Bloomberg Anywhere Remote Login Bloomberg Terminal Demo Request


Connecting decision makers to a dynamic network of information, people and ideas, Bloomberg quickly and accurately delivers business and financial information, news and insight around the world.


Financial Products

Enterprise Products


Customer Support

  • Americas

    +1 212 318 2000

  • Europe, Middle East, & Africa

    +44 20 7330 7500

  • Asia Pacific

    +65 6212 1000


Industry Products

Media Services

Follow Us

Bloomberg Customers


Pakistan's Imran Khan: From Cricket to Politics to Davos

Imran Khan, captain of the Pakistan cricket team, lifts the Cricket World Cup, in Melbourne, on March 25, 1992

Photograph by Adrian Murrell/Getty Images

Imran Khan, captain of the Pakistan cricket team, lifts the Cricket World Cup, in Melbourne, on March 25, 1992

Imran Khan led Pakistan to the world cricket championship in 1992. Now he’s a leading candidate for prime minister. On Thursday he received a warm welcome at a luncheon in Davos, Switzerland, hosted by a major Pakistani company, Pathfinder Group.

“Imran represents the hope for the future of Pakistan,” Pathfinder Group Chairman Ikram Sehgal told an audience of about 200 at a luncheon that was held in conjunction with the World Economic Forum but was not part of the forum’s agenda. “This is a make-or-break year for Pakistan,” he added. Pathfinder has 15,000 employees and provides security services.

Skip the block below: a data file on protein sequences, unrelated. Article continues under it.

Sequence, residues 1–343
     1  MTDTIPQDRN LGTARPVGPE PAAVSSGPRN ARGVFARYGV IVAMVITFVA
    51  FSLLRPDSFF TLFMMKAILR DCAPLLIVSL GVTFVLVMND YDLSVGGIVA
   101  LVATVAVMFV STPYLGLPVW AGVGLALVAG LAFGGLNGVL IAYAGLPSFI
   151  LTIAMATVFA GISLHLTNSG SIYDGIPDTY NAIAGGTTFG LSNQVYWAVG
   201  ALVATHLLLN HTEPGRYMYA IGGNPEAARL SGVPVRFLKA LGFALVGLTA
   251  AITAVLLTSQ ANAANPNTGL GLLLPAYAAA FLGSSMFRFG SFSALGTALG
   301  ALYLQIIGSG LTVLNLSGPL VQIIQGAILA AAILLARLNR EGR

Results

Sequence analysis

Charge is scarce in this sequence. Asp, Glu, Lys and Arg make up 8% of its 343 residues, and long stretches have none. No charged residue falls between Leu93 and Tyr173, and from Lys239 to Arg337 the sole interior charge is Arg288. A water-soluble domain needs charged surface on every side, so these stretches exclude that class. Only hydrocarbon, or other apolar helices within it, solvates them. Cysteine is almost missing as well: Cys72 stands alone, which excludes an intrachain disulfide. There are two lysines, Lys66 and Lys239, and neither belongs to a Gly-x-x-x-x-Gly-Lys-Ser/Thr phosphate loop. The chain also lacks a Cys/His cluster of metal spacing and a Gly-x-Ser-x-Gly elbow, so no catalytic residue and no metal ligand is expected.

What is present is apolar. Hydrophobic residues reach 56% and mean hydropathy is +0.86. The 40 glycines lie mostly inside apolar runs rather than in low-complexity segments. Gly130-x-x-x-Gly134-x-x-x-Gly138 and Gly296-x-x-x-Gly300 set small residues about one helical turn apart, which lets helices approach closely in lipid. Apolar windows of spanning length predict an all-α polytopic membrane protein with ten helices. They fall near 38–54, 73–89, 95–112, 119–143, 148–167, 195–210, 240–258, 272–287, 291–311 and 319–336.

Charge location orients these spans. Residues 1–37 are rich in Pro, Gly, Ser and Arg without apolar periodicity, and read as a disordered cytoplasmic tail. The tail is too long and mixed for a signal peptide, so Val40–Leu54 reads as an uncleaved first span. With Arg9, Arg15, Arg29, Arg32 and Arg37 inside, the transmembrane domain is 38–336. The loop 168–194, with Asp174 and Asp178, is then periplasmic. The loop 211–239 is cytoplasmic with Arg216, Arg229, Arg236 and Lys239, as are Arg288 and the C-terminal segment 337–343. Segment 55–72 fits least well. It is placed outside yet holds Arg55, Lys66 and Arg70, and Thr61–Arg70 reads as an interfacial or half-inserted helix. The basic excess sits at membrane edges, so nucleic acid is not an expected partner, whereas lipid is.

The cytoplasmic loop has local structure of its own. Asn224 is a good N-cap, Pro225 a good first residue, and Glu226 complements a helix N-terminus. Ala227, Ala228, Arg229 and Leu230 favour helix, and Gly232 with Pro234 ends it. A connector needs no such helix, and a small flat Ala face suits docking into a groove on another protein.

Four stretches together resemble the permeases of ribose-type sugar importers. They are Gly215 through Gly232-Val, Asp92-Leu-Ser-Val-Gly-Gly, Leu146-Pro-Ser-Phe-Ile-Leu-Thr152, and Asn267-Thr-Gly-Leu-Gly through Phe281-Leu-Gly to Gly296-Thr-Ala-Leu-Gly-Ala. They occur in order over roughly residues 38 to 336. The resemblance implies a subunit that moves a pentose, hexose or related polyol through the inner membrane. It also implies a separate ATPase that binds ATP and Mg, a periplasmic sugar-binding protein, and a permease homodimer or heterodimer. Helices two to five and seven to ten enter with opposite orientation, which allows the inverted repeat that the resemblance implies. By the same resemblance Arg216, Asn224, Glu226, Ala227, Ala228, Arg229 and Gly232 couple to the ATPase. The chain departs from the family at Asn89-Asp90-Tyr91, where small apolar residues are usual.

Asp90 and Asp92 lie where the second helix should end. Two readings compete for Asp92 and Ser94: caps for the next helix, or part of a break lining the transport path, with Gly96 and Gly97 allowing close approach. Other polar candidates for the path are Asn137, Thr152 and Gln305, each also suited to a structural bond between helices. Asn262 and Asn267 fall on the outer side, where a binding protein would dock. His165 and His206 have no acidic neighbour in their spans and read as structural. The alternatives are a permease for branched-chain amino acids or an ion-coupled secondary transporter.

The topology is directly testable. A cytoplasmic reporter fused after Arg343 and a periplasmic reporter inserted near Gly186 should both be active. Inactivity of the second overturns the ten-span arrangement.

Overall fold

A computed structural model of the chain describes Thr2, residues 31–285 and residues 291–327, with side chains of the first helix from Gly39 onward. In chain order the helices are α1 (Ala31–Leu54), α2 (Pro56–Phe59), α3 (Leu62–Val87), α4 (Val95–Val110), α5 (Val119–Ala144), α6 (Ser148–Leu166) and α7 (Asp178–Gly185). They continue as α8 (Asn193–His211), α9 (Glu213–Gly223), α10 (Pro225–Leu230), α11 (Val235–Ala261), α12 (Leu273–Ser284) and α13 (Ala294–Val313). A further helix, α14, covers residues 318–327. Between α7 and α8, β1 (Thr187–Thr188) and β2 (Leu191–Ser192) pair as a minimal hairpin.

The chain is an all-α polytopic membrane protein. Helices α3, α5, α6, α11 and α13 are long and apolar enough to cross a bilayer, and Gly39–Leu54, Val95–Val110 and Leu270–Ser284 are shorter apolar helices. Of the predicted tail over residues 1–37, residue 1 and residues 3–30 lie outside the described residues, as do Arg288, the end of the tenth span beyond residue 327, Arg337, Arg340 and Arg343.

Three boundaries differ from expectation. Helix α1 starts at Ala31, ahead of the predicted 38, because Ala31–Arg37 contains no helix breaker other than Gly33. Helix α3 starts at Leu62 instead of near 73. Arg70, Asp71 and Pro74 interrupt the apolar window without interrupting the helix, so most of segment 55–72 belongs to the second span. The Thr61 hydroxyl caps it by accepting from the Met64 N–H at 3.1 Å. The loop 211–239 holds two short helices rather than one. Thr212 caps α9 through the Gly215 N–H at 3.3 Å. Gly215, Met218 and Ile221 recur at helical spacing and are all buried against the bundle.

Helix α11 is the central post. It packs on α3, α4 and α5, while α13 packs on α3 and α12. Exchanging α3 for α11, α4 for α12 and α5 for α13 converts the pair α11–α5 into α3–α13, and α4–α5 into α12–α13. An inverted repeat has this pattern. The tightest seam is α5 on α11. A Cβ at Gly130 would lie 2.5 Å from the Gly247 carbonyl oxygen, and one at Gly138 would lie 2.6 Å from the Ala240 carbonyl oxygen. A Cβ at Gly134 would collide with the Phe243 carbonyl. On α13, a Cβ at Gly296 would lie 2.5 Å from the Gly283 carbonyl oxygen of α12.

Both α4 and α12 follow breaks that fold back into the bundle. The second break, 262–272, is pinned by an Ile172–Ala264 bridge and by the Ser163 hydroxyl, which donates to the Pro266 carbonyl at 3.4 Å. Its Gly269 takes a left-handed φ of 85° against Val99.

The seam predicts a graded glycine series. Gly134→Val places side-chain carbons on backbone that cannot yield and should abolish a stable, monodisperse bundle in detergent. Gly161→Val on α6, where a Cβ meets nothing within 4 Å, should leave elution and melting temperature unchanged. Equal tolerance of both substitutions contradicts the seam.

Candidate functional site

Khan reiterated his promise that his Movement for Justice Party would “sweep” the elections, which are scheduled for February. A Pew Research Center survey in June found that Khan was Pakistan’s most popular leader, with seven of 10 respondents in the country expressing a favorable opinion of him. Khan claims strong support among youths, women, and urban dwellers. His platform includes fighting corruption, reviving the economy, negotiating an end to hostilities with guerrillas in the country’s northwest, and pulling out of a security alliance with the U.S.

Khan blames U.S. drone attacks for radicalizing the Pashtun population, pushing it closer to the Taliban. “All they do is create hatred. The people who are killed become martyrs. And they’re quickly replaced,” Khan said at the lunch.

Coy is Bloomberg Businessweek's economics editor. His Twitter handle is @petercoy.

blog comments powered by Disqus